The infamous TB-303 Bassline synth produces a distinct and infectious sound that can energise a dancefloor. We’ll go over some background, some free plugins and a loop pack so you can get the sound for yourself.

The first (?) acid house track.

 

First, a quick and plagiarised history of the 303 and Acid House

An entire internet has been written about this synth and the music movement it created, so for those unfamiliar with the either Acid House or the TB-303 let’s just save each other the time and paste their Wikipedia entries here:

The Roland TB-303 Bass Line is a bass synthesizer released by Roland Corporation in 1981. Designed to simulate bass guitars, it was a commercial failure and was discontinued in 1984. However, cheap second-hand units were adopted by electronic musicians, and its “squelching” or “chirping” sound became a foundation of electronic dance music genres such as house and techno. It has inspired numerous clones.

Acid house (also simply known as just “acid”) is a subgenre of house music developed around the mid-1980s by DJs from Chicago. The style was defined primarily by the “squelching” sounds and deep basslines of the Roland TB-303 electronic synthesizer-sequencer. Acid house spread to the United Kingdom and continental Europe, where it was played by DJs in the acid house and later rave scenes. By the late 1980s, acid house had (…) brought house music to a worldwide audience. The influence of acid house can be heard on later styles of dance music including trance, breakbeat hardcore, jungle, big beat, techno and trip hop.

 

Higher State of Consciousness hits insanely intense levels of acid chirp and squelch.

 

With that out of the way, here’s why you might want the 303 sound – and how to get it:

  1. The sound of a 303 (or any good clone of a 303) is to electronic music what the lead guitar is to rock. It lives for riffs, ostinatos and solos; it can be psychedelic and trance-inducing, but it loves to be overdriven and distorted to create a hair-bleaching frenetic sound like no other.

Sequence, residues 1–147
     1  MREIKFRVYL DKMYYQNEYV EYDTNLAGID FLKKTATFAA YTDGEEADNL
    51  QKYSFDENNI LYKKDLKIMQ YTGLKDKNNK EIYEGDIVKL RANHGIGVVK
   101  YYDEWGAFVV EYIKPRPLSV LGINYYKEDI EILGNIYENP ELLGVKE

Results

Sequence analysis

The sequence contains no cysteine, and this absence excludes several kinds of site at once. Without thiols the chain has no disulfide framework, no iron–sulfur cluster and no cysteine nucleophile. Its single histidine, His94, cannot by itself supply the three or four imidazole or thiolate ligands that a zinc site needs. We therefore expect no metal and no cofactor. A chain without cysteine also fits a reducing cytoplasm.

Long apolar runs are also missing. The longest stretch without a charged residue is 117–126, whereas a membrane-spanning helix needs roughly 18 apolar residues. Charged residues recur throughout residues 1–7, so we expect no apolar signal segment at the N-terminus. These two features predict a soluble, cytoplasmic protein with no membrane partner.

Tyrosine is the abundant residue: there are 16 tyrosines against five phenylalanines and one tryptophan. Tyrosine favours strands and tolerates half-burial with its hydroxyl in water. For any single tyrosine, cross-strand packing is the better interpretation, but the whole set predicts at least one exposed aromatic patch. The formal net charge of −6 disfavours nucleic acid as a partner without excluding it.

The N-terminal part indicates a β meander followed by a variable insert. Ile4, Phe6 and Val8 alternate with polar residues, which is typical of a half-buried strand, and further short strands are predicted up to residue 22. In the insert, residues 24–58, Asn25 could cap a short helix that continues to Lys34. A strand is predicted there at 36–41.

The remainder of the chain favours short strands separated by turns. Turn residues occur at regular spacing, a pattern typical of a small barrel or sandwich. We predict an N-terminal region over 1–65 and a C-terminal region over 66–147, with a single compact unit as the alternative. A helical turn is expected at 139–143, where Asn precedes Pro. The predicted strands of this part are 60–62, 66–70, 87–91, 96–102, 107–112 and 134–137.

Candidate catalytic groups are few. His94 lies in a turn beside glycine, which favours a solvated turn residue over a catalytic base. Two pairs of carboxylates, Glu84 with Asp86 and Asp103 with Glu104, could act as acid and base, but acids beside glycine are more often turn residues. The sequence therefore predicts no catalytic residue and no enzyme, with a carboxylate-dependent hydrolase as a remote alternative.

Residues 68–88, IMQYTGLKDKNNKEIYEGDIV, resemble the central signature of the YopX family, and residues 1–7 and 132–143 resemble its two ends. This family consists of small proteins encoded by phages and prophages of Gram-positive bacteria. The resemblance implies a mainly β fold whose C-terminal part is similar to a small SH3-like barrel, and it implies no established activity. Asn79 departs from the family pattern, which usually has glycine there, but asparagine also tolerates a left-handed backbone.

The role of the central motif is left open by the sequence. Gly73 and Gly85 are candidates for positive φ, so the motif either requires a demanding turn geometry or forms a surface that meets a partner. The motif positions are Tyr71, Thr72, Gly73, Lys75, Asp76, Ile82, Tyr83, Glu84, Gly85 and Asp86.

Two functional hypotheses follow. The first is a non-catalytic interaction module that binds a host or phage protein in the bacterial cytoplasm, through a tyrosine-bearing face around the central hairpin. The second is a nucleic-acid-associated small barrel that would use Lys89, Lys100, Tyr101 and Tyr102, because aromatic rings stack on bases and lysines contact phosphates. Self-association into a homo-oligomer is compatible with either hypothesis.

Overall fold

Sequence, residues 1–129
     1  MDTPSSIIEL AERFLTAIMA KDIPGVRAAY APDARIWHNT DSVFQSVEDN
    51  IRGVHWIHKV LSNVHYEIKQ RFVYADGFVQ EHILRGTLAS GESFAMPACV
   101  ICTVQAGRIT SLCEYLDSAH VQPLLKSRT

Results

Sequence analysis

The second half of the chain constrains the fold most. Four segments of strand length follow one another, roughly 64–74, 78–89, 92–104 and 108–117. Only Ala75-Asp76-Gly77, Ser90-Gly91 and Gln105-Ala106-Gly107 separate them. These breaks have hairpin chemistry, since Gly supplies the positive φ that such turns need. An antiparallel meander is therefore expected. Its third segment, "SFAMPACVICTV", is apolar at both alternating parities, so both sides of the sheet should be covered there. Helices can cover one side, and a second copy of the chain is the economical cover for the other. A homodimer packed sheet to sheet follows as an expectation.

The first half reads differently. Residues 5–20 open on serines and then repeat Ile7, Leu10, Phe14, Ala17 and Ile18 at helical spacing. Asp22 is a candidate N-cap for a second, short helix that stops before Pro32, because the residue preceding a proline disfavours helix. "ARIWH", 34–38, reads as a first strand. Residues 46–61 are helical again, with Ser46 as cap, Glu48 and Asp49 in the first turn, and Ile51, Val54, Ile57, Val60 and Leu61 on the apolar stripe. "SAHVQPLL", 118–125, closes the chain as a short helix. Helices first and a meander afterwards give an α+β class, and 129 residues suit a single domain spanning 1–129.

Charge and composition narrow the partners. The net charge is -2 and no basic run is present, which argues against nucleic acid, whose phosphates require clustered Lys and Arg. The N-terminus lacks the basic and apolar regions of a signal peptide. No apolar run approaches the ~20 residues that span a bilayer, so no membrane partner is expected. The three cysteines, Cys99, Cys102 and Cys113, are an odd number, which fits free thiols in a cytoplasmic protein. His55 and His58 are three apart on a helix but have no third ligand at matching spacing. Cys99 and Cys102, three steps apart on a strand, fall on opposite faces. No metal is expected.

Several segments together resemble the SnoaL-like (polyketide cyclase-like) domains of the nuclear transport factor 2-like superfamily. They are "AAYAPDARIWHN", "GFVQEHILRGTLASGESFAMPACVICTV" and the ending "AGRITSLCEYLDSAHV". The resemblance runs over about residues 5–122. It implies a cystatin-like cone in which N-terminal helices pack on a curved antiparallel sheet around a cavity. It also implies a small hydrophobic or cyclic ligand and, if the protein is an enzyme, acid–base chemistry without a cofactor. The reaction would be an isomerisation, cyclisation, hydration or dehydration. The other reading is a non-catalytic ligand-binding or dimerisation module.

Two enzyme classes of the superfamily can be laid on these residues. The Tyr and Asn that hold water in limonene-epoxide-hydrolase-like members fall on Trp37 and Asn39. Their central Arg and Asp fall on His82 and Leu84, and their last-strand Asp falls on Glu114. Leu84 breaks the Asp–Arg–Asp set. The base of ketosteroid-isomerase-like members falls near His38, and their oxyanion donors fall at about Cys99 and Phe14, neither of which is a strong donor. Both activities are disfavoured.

2. TB-303’s are expensive. Face-meltingly so. No doubt more than one frenzied ebay purchaser has met with buyers-remorse the moment their featherweight prize arrived in the post, reminding them that yes they did just pay thousands for a plastic toy. Also, they are notoriously difficult to program – the riffs might glide effortlessly, but a lot of sweat goes into putting those notes into their steps.

    That said, would it be amazing to have one? Yes, yes it would. Especially paired with a TR-606 Drumatix drum machine, and preferably mounted on a car dashboard while driving:


  3. On the more affordable front, there are good clones like the Cyclone and there are not-particularly-great clones like, surprisingly, Roland’s own AIRA TR-303, later redeemed by their notably better 303 “boutique”. Good hardware clones have as near-possible component architecture to the original. Another good sign of a great clone is any enhancements to make the sequencing more intuitive.

  4. On the software front there’s many to choose from, with the Muon Tal Bassline (free) and AudioRealism Bassline (paid) being the classics, plus Roland’s new “cloud” subscription version. Special mention goes to Ichiro Toda’s Synth 1 as a great free synth in general and does a solid 303 emulation.

  5. The pinnacle of 303 instruments is the Avalon Bassline by Abstrakt Instruments. That’s a statement bold enough to meltdown any fanboy forum, but there’s simply no other clone that is both an exact replica of the original 303’s internal workings and also brings so many great enhancements – from additional modulation, to an extra (sub) oscillator, to more sequencing capabilities. The swappable filter cards would likely be worth a mention but the one we bought never arrived and the makers don’t respond to support emails so, take your own chances on that. While this is probably the priciest 303 clone around, it’s much cheaper and so much more versatile than an original 303 – and it’s a solid metal unit, which is important at a school like ours.
    Here’s a Liveschool student on our Avalon Bassline, eliciting a more-mellow-than-usual vibe, sequencing it from an Ableton Push 2:

  6. An important part of the 303 is it’s “note slide” function, a portamento glide between notes, and on the Avalon it’s achieved by overlapping notes. Ableton’s “Note Length” MIDI Effect Device is a quick and easy way to achieve this slide. Or on Push, the same thing with its step length. Ableton Push is a fantastic step-sequencer, and pretty much outdoes the onboard sequencing of any clones we’ve tried in terms of usability and immediacy.

 

Loop Pack Download

Here’s a demo of a loop pack we made using the Avalon Bassline, combined into a “gate remixing” Ableton Live template set, to make an immediately jammable kind of Acid Jam Box. Similar to a 303 it’s about activating steps and tweaking effects (in this case, both MIDI and Audio Effects):

 

This pack is available for free for a limited time – get it over here:

Acid House Synth Loop Pack + Gate Remixing Ableton Live Template